March 13th. The Kansas Supreme Court has issued its decision in State v. McReynolds (No. 97,936) a direct appeal of a murder conviction from Wyandotte County. In a unanimous opinion, written by Justice Johnson, the Court affirmed Brandon McReynolds’ convictions for first degree murder, aggravated robbery and conspiracy to commit aggravated robbery. The court also affirmed his sentences for the crimes (life without parole until after 20 years and 34 months).
On August 12th 2005 Brandon McReynolds and three others lured Zhihai Cui, a restaurant delivery driver, to a house in Kansas City, Kansas and beat and stabbed him to death. The gang netted a little more than $50 for their troubles. Police quickly identified the suspects after searching the home of Tamara Ford (McReynolds’ cousin) next to where Cui was killed where they found bloody knives. Ford gave up the names of his attackers.
When arrested on August 13th, and in a statement three days later, McReynolds signed a Miranda waiver and admitted to police that he had been part of the gang, but claimed that he did not deliver any of the life threatening injuries. When brought to trial, he changed his story and claimed that he was high on PCP when he gave the statements. The trial court held a hearing and admitted the tapes of his confessions as evidence.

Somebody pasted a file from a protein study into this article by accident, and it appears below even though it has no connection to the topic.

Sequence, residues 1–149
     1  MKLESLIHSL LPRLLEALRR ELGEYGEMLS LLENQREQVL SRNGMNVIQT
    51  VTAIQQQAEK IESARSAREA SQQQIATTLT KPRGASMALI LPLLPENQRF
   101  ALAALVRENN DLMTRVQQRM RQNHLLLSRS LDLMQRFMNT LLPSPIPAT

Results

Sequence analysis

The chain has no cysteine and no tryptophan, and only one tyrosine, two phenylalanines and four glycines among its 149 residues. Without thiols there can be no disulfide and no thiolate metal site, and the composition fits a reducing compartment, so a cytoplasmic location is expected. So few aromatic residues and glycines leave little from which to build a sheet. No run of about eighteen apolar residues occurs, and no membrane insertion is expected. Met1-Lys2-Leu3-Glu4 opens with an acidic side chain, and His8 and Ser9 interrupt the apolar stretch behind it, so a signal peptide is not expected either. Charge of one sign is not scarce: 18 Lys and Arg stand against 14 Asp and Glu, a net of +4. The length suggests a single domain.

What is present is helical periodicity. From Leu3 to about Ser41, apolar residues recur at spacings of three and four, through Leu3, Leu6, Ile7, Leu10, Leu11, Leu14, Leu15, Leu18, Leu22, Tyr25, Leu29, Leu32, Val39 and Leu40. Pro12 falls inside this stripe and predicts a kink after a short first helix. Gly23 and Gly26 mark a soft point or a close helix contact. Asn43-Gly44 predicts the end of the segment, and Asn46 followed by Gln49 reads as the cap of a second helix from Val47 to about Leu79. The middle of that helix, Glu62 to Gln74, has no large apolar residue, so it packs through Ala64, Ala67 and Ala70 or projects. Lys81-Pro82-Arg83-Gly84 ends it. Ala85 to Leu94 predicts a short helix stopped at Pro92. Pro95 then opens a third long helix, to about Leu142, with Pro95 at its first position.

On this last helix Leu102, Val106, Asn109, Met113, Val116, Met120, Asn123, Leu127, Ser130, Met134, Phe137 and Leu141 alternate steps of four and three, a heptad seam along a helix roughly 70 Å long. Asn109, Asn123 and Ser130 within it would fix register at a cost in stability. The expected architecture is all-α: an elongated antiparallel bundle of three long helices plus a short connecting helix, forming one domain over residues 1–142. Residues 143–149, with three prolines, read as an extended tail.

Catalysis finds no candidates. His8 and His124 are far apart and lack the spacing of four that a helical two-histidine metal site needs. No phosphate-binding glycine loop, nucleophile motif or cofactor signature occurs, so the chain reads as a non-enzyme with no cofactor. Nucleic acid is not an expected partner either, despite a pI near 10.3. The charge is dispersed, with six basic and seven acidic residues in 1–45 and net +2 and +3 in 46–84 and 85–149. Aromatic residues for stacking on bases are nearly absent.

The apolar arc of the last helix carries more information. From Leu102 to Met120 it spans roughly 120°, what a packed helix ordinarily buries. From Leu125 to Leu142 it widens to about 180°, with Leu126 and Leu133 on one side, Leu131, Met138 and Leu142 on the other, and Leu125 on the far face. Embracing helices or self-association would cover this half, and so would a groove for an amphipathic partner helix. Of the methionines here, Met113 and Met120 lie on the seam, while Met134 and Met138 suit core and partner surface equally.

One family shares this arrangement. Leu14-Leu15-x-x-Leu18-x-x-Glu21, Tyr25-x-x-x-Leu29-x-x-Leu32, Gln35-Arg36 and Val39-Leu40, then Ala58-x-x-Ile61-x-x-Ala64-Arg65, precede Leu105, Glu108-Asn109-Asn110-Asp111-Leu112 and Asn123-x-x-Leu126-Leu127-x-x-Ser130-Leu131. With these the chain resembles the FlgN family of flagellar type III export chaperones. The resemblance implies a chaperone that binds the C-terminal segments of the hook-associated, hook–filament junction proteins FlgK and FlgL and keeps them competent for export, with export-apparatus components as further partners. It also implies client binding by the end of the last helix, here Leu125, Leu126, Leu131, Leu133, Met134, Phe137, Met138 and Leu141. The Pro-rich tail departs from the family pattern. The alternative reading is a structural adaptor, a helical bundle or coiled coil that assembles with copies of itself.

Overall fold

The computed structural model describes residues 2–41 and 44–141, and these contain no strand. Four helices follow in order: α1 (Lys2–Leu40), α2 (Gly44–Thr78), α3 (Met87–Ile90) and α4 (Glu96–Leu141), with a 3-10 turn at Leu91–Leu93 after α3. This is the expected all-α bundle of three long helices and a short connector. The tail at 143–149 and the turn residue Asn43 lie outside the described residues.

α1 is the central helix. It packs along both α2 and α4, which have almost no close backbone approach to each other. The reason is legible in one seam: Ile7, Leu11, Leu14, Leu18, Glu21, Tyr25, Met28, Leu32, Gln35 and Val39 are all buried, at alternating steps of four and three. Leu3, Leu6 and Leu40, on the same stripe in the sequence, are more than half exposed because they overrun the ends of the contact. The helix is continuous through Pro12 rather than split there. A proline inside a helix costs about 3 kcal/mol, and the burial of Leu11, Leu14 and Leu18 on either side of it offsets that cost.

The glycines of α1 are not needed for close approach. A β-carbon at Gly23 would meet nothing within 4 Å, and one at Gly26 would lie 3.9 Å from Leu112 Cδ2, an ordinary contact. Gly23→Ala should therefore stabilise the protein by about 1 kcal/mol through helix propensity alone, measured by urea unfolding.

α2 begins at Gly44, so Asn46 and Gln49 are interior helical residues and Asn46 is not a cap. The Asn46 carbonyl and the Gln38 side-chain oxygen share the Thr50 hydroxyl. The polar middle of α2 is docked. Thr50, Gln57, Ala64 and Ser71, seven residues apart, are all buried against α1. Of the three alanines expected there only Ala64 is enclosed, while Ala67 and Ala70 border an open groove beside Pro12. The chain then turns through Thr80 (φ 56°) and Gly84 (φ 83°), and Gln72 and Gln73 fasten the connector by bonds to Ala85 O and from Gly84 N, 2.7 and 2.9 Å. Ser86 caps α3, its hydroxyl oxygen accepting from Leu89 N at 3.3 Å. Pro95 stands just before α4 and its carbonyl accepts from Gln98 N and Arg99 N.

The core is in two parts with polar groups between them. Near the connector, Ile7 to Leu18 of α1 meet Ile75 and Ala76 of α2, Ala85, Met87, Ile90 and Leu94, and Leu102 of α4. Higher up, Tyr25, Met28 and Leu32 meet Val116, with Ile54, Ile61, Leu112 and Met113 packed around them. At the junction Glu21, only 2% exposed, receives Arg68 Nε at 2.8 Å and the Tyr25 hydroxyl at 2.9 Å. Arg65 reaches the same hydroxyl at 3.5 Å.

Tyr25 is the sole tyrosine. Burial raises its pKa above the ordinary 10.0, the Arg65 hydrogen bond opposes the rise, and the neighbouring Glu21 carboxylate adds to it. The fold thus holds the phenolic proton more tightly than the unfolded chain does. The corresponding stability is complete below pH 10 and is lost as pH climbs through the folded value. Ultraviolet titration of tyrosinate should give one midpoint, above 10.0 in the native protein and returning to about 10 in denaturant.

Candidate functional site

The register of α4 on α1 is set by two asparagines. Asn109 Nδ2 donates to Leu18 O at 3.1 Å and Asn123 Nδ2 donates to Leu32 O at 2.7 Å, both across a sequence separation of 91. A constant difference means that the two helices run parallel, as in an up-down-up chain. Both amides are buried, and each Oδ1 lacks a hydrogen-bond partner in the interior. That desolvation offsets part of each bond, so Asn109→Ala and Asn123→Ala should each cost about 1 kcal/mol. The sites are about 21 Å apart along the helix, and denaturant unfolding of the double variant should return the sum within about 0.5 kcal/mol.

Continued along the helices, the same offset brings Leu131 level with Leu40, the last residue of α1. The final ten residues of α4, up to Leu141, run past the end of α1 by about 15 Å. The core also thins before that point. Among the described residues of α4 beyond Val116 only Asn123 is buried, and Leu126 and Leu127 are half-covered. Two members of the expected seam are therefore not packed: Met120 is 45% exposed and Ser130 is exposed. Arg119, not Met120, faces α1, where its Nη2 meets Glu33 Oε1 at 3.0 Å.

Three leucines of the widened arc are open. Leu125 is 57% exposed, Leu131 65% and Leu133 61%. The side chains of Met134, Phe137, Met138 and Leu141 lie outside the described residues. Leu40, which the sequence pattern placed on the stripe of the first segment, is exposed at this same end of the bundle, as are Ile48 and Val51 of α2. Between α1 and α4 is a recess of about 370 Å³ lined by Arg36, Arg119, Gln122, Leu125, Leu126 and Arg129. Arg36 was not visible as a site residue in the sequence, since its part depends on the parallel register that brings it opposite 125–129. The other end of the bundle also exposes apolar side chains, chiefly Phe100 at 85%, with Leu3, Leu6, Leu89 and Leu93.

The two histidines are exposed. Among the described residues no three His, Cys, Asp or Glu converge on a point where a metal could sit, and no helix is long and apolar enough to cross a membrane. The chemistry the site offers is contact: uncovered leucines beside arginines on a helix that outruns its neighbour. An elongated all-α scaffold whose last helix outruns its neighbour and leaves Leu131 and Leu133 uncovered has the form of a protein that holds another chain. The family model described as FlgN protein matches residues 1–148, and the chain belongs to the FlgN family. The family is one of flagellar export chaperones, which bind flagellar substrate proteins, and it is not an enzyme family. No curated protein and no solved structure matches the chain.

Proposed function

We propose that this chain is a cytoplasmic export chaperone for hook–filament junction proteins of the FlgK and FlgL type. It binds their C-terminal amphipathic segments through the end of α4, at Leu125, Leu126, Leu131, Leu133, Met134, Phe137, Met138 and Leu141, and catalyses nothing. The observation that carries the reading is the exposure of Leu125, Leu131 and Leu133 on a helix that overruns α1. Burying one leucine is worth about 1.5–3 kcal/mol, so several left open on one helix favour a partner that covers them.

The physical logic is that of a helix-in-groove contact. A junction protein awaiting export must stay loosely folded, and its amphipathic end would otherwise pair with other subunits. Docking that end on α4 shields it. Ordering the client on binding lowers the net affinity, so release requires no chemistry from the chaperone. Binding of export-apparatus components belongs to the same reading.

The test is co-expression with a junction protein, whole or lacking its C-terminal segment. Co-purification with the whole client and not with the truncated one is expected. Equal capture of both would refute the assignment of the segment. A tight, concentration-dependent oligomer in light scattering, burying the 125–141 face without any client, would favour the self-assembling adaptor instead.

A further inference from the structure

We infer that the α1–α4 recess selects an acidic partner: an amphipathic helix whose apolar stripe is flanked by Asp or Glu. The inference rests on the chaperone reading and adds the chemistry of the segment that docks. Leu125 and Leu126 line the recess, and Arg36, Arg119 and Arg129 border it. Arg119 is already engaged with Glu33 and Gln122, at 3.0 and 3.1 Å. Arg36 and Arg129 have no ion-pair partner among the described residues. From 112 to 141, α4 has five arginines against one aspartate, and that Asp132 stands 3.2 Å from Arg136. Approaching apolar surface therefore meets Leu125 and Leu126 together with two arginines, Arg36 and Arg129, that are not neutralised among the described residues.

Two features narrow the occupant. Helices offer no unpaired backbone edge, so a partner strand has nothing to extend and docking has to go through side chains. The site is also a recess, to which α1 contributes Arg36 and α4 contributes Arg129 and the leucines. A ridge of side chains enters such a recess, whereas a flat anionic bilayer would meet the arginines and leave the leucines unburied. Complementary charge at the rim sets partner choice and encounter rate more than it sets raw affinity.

On appeal, McReynolds’ makes a flurry of claims as to why his conviction should be reversed, all of which fail. The two most significant are:
- An allegation that the prosecutor engaged in misconduct, by seeming to endorse the reliability of the police testimony and during voir dire by saying that everyone deserved a fair trial, even if they were guilty (paraphrasing).
- A claim that the judge improperly relied on past testimony in other cases when making a finding on the reliability of the police officer’s testimony when deciding to admit the taped confession evidence.
The Court rejected the first of these, finding that the statements fell within the wide latitude available to prosecutors when choosing their words, though the court hinted that it was not happy about the choice of wording in the voir dire example.
The Court was also troubled by the judge’s apparent reliance on prior experiences with the police officer on the case, but found that since the evidence supporting the admission of the taped statements was ample and broad based, this was not a reversible error.
Finally, the Court rejected McReynold’s contention that the Kansas Sentencing Guidelines improperly allow evidence of past convictions to influence sentencing without the facts being tried before a jury, noting that it has already found the Kansas Sentencing Guidelines not to fall foul of Apprendi or Cunningham v. California.